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RedHat 9 (Linux i386) - man page for filterdiff (redhat section 1)

FILTERDIFF(1)									    FILTERDIFF(1)

NAME
       filterdiff - extract or exclude diffs from a diff file

SYNOPSIS
       filterdiff [-i PATTERN] [-p n] [--strip=n] [--addprefix=PREFIX]
		  [-x PATTERN] [--verbose] [-v] [-z] [-# RANGE | --hunks=RANGE]
		  [--lines=RANGE] [--annotate] [--format=FORMAT] [--as-numbered-lines=WHEN]
		  [file...]

       filterdiff {--help | --version | --list | --grep ...}

DESCRIPTION
       You can use filterdiff to obtain a patch that applies to files matching the shell wildcard
       PATTERN from a  larger  collection  of  patches.  For  example,	to  see  the  patches  in
       patch-2.4.3.gz that apply to all files called lp.c:

	      filterdiff -z -i '*/lp.c' patch-2.4.3.gz

       If  neither  -i	nor  -x options are given, -i '*' is assumed. To remove lines from a file
       that are not part of a patch, you might do this:

	      filterdiff message > patch

       Note that the interpretation of the shell wildcard pattern does not count slash characters
       or  periods  as	special  (in other words, no flags are given to fnmatch). This is so that
       ``*/basename''-type patterns can be given without limiting the number of  pathname  compo-
       nents.

       You can use both unified and context format diffs with this program.

OPTIONS
       -i PATTERN
	      Include only files matching PATTERN. All other lines in the input are suppressed.

       -x PATTERN
	      Exclude files matching PATTERN. All other lines in the input are displayed.

       -p n   When matching, ignore the first n components of the pathname.

       -# RANGE | --hunks=RANGE
	      Only  include  hunks within the specified RANGE. Hunks are numbered from 1, and the
	      range is a comma-separated list of numbers  or  ``first-last''  spans;  either  the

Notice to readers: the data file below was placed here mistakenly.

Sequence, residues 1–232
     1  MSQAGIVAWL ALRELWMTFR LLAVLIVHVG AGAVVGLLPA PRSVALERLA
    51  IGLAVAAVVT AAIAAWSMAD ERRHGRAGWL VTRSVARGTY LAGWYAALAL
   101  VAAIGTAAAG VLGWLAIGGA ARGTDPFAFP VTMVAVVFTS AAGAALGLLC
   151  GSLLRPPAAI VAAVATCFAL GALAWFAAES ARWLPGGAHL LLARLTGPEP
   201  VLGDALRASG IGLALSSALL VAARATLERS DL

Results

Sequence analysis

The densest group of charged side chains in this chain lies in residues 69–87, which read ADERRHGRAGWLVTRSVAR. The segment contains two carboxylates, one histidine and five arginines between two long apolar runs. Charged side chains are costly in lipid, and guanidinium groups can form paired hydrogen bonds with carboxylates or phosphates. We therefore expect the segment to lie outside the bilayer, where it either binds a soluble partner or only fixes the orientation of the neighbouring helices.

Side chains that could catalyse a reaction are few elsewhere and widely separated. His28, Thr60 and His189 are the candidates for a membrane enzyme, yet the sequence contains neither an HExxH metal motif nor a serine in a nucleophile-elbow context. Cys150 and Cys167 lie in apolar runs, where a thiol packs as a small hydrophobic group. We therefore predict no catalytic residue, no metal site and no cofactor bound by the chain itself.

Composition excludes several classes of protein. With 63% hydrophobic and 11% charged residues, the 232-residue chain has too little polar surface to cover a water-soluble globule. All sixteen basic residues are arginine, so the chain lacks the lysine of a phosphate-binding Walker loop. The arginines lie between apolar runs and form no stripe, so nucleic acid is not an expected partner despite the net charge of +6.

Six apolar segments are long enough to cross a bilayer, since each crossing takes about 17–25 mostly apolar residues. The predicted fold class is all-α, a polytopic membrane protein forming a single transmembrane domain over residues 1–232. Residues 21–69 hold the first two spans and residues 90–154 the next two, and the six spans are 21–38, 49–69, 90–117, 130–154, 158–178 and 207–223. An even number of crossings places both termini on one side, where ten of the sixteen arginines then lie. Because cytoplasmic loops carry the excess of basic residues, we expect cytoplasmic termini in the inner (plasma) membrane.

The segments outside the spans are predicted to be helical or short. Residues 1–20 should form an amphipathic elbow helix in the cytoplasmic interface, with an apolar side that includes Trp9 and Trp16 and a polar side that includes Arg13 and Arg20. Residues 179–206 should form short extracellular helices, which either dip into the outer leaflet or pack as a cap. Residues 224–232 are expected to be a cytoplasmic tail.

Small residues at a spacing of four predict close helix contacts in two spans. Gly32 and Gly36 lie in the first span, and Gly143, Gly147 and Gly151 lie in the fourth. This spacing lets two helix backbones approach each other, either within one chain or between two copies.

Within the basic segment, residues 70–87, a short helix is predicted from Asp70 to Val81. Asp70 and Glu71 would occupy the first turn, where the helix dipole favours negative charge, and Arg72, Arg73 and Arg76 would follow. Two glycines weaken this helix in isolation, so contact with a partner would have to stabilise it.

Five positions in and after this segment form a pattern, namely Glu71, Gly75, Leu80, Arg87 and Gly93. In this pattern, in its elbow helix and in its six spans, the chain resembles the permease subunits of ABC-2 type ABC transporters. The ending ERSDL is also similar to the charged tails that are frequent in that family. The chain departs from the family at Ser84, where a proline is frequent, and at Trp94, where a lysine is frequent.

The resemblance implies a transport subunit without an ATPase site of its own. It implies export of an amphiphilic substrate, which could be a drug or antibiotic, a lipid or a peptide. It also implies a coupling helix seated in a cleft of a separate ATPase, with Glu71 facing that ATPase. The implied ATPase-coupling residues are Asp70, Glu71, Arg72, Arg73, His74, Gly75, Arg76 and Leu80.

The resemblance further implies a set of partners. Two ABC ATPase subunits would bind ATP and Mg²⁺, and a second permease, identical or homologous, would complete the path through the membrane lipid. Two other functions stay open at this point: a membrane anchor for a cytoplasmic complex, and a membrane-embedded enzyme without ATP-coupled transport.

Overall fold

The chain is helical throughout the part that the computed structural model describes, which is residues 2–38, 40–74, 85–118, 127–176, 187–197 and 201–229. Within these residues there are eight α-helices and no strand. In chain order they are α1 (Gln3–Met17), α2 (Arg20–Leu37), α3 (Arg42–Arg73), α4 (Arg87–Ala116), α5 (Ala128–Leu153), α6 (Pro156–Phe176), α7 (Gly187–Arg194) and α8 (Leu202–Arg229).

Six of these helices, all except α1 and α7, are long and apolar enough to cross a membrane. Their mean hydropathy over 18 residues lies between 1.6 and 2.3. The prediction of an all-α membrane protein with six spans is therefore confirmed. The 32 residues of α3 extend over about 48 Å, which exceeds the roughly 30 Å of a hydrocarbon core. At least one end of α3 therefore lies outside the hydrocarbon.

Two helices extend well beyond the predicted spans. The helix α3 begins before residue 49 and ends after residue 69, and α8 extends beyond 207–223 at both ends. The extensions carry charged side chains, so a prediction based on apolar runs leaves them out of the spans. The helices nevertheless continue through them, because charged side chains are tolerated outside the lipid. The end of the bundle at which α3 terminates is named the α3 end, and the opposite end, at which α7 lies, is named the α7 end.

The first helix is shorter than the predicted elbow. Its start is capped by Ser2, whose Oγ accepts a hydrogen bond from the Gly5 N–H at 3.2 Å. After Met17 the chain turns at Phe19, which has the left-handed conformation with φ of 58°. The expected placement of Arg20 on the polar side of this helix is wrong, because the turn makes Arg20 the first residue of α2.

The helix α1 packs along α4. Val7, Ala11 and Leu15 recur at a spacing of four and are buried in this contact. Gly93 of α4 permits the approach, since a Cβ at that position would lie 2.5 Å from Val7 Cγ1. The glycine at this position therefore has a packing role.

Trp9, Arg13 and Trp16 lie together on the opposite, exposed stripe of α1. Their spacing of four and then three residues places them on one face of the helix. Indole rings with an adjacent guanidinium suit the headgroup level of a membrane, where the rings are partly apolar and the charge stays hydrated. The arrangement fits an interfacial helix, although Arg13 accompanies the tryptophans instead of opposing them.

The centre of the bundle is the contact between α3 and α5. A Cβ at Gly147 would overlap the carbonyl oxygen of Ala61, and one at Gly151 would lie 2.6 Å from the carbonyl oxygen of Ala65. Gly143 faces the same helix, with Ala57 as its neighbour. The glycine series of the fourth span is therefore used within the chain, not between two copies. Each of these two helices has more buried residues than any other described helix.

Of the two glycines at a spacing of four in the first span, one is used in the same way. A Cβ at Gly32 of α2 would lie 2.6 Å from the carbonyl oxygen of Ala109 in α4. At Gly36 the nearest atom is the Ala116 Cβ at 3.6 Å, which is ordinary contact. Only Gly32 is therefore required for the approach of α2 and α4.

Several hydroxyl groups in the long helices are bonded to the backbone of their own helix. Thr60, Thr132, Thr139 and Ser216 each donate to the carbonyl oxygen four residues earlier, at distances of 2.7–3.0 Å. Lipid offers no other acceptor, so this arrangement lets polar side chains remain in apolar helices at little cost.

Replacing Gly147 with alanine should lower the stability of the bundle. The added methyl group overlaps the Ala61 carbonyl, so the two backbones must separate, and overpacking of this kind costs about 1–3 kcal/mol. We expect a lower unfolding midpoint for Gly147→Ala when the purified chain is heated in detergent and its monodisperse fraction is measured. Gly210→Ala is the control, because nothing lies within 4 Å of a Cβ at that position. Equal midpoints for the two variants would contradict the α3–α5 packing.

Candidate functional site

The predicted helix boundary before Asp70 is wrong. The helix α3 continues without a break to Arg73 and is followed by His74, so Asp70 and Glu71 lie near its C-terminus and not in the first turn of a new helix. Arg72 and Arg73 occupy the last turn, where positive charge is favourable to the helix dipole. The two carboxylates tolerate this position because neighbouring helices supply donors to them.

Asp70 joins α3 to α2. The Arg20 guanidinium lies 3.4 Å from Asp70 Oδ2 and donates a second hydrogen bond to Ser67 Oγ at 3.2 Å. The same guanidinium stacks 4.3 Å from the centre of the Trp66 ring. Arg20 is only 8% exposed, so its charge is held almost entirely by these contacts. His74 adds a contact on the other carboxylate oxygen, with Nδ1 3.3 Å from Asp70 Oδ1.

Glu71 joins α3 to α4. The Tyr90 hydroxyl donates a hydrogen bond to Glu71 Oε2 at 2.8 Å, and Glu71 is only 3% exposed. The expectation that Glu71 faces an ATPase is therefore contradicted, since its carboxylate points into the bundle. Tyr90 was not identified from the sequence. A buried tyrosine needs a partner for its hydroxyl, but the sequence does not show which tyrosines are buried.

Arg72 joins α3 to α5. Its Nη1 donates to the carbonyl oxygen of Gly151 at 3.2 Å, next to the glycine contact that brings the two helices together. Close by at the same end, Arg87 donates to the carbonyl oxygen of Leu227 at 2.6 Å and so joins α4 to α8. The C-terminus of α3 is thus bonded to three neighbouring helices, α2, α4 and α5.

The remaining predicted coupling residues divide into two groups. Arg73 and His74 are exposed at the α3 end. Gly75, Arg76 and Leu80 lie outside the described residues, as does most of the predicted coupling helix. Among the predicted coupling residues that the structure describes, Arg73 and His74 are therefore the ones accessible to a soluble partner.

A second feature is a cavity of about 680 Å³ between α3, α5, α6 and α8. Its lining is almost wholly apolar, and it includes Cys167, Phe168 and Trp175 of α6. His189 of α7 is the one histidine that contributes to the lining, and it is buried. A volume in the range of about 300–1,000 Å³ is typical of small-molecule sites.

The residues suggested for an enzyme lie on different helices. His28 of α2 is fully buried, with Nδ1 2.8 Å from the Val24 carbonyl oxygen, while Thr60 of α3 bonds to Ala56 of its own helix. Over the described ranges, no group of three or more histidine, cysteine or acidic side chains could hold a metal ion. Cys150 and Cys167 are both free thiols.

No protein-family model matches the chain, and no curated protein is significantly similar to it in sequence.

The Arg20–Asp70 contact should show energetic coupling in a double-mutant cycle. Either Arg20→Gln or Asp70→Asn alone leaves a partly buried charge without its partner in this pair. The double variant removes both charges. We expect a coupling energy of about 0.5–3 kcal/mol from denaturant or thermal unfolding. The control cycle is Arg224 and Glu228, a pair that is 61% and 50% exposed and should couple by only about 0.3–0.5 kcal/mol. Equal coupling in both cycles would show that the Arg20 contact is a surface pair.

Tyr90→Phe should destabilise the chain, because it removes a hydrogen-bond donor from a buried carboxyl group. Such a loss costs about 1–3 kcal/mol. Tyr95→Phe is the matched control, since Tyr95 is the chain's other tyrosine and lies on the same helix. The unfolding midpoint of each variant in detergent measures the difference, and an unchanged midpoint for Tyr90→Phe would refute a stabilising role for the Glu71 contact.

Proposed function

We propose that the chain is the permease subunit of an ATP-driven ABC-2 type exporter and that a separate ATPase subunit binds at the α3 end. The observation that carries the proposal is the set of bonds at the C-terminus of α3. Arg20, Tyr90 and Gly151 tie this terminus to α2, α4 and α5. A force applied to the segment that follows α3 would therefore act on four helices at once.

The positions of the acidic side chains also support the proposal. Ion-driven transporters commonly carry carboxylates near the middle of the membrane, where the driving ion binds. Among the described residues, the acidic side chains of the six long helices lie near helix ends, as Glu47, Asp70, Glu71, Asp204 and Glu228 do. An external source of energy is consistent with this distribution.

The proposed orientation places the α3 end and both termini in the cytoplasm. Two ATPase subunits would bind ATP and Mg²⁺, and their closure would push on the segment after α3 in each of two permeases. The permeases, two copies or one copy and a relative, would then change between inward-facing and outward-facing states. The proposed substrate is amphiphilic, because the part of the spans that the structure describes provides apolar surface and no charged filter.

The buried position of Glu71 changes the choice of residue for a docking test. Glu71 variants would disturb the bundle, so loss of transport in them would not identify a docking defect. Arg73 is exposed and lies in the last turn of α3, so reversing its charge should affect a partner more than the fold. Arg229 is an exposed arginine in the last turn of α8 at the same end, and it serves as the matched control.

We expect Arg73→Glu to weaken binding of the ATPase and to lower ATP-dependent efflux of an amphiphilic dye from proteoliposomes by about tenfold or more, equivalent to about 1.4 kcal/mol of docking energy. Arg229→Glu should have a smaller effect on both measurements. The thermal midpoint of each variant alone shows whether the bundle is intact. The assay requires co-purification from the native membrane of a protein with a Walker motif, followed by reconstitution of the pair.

first  or  the  last in the span may be omitted to indicate no limit in that direc-
	      tion.

       --lines=RANGE
	      Only include hunks that contain lines from the original file that  lie  within  the
	      specified RANGE. Lines are numbered from 1, and the range is a comma-separated list
	      of numbers or ``first-last'' spans; either the first or the last in the span may be
	      omitted to indicate no limit in that direction.

       --annotate
	      Annotate each hunk with the filename and hunk number.

       --format=unified|context
	      Use specified output format.

       --strip=n
	      Remove the first n components of pathnames in the output.

       --addprefix=PREFIX
	      Prefix pathnames in the output by PREFIX.

       --as-numbered-lines=before|after
	      Instead  of a patch fragment, display the lines of the selected hunks with the line
	      number of the file before (or after) the patch is applied, followed by a TAB  char-
	      acter  and  a colon, at the beginning of each line. Each hunk except the first will
	      have a line consisting of ``...'' before it.

       -v, --verbose
	      Always show non-diff lines in the output. By default, non-diff lines are only shown
	      when excluding a filename pattern.

       -z     Decompress files with extensions .gz and .bz2.

       --help Display a short usage message.

       --version
	      Display the version number of filterdiff.

       --list Behave like lsdiff(1) instead.

       --grep Behave like grepdiff(1) instead.

EXAMPLES
       To see all patch hunks that affect the first five lines of a C file:

	      filterdiff -i '*.c' --lines=-5 < patch

       To see the first hunk of each file patch, use:

	      filterdiff -#1 patchfile

       To see patches modifying a ChangeLog file in a subdirectory, use:

	      filterdiff -p1 Changelog

       To see the complete patches for each patch that modifies line 1 of the original file, use:

	      filterdiff --lines=1 patchfile | lsdiff | \
		xargs -rn1 filterdiff patchfile -i

       To see all but the first hunk of a particular patch, you might use:

	      filterdiff -p1 -i file.c -#2- foo-patch

       If you have a very specific list of hunks in a patch that you want to see, list them:

	      filterdiff -#1,2,5-8,10,12,27-

       To see the lines of the files that would be patched as they will appear after the patch is
       applied, use:

	      filterdiff --as-numbered-lines=after patch.file

       You can see the same context before the patch is applied with:

	      filterdiff --as-numbered-lines=before
	      patch.file

       Filterdiff can also be used to convert between unified and context format diffs:

	      filterdiff -v --format=unified context.diff

SEE ALSO
       lsdiff(1), grepdiff(1)

AUTHOR
       Tim Waugh <twaugh@redhat.com>.

patchutils				   23 Aug 2002				    FILTERDIFF(1)


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